Did you know that your occupation may be all that stands between you and a life of crime? It is. According to a new study of 1 million laid-off Norwegians over 15 years, out-of-work people commit 60% more property crimes (such as theft, shoplifting, burglary, and vandalism) in the year after losing work and have 20% more criminal charges than when employed.
These are huge numbers, and very relevant as U.S. workers face layoffs nationwide in the wake of the coronavirus pandemic. The researchers suspect that layoff crime is even more prevalent in the U.S., but no U.S. data exists connecting individuals’ employment and crime data.
“Norway has a strong social safety net that makes job loss less painful there than in the U.S.,” says coauthor Mark Votruba, an associate professor of economics in the Weatherhead School of Management at Case Western Reserve. “Both the income and psychological effects of job loss are likely more severe in the U.S.”
The researchers chalk up the crime sprees to a potent combination of too much free time and psychological stressors such as frustration and financial worry. The lack of structured weekday schedules also plays a strong part: Most of the new crimes are committed on weekdays, during the hours when workers were previously employed. The main crimes are property crimes, violent crimes, and alcohol and drug crimes.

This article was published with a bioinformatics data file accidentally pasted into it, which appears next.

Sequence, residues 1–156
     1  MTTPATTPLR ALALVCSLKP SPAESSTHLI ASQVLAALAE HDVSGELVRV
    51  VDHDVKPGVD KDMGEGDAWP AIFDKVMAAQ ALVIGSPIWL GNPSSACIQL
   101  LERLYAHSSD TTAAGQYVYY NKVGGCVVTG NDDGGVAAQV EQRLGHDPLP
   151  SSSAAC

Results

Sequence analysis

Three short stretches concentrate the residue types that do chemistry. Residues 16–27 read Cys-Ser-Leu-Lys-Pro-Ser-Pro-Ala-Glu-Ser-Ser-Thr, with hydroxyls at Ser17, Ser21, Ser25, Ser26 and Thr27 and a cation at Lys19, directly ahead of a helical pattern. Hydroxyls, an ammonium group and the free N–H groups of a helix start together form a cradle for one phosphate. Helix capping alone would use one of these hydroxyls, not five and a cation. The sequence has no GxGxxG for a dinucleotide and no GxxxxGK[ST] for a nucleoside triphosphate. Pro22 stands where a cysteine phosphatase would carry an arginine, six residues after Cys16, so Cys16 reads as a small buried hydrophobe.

The study tracked male workers ages 18-40. The researchers initially included women but found that laid-off women did not commit enough crimes to be included.
The news comes at a pivotal time: Workers in the events, hospitality, and retail industries are already watching their companies shrink and shutter as COVID-19 forces the cancellation of large gatherings and travel. The take-home message: People do best when they are engaged and sober, and the researchers hope to see activity and substance abuse prevention programs.